Sunday, 1 September 2013


The form of Small Copper with little blue dots caeruleopunctata was evident at Mowsbury Hill today.

Meadow Grasshoppers

To continue the grasshopper theme, again at Mowsbury Hill, here's some photos of Meadow Grasshopper Chorthippus parallelus. I've no idea what is supposedly parallel, so can't help with a mnemonic for that.

This species has reduced wing lengths, slightly so in the case of the male, but greatly so in the female, rendering her essentially flightless. (There is a long-winged form that occasionally shows up, allowing dispersal of the species). I quite often see nymphs (the immature stages) of other species identified as Meadow Grasshoppers, because their short stubby wing buds have been misinterpreted as the adult wings of this species.

The shape of the pronotum helps with identification, in this species the front half is essentially parallel sided, but flares outwards in the rear half.

Like other grasshopper species this one has several different colour forms, a couple demonstrated here by the females.


Male (note the dark "knees" of the rear legs, a help in identification):

(Photos taken 03/09/13 retimed in the blog to bring grasshopper photos together)

Common Green Grasshopper

Another grasshopper species that can be found at Mowsbury Hill, Common Green Grasshopper, Omocestus viridulus. Here's a female. There must be males there too but I haven't spotted one yet. Will add a picture later when I've found one.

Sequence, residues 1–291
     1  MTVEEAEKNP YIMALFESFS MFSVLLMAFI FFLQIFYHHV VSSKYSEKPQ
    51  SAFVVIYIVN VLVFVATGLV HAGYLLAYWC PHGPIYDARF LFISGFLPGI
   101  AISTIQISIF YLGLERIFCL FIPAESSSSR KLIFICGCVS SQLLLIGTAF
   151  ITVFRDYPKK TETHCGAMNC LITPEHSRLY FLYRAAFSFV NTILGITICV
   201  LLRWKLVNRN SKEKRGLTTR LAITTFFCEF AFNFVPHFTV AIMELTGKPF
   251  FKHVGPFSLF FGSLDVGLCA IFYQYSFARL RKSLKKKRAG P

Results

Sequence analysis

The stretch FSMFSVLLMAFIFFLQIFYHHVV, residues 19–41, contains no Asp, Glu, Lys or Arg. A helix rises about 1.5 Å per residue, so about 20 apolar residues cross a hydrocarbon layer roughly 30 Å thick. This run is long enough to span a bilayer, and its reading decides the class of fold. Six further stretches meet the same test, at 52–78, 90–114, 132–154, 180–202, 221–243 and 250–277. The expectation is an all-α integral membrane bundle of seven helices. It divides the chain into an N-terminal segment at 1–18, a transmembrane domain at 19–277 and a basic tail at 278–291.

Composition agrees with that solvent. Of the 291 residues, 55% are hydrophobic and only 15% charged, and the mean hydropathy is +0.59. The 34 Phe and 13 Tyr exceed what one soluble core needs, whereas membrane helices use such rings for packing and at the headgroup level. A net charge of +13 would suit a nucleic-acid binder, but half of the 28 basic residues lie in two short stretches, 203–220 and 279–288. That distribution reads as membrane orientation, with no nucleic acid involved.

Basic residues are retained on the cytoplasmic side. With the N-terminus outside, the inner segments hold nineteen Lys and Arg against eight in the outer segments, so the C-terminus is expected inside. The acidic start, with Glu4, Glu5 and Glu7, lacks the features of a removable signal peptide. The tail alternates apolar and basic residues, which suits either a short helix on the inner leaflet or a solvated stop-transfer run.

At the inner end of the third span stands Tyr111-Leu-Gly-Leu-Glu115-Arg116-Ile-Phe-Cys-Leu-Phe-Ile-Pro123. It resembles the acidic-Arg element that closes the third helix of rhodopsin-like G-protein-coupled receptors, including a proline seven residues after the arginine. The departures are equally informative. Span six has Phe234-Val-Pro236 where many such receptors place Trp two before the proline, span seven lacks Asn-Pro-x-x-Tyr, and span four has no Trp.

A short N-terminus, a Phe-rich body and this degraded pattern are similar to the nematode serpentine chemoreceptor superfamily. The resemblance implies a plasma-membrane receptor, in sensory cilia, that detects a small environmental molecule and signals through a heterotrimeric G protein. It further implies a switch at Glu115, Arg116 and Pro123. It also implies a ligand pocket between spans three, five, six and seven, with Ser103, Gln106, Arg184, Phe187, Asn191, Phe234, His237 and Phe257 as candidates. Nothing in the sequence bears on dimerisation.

Lesser Marsh Grasshoppers

More scrabbling in the undergrowth, this time for Lesser Marsh Grasshoppers at Mowsbury Hill. This species may be found in long grassland over much of Bedfordshire and is not restricted to marshes.

These pictures show some of the colour variation. (Colouring doesn't really help much with ID'ing grasshoppers as several species have several colour forms).

This species' scientific name is Chorthippus albomarginatus, the second part meaning white-edged, which presumably refers to the white stripe along the wing edge in the female, not unique to this species though, so not a reliable characteristic. The male rarely has a white stripe.

The shape of the pronotum (the saddle-like covering of the thorax) is a help with identification in grasshoppers, in this species the front half has parallel sides and then it may be parallel or only slightly flared  outwards in the rear half. (Meadow Grasshopper flares out more).

This species is less hairy than the similar Field Grasshopper. (The pronotum of Field Grasshopper is quite differently shaped too - deeply pinched in the middle).

Females are larger and chunkier than the males. Males have proportionately longer antennae.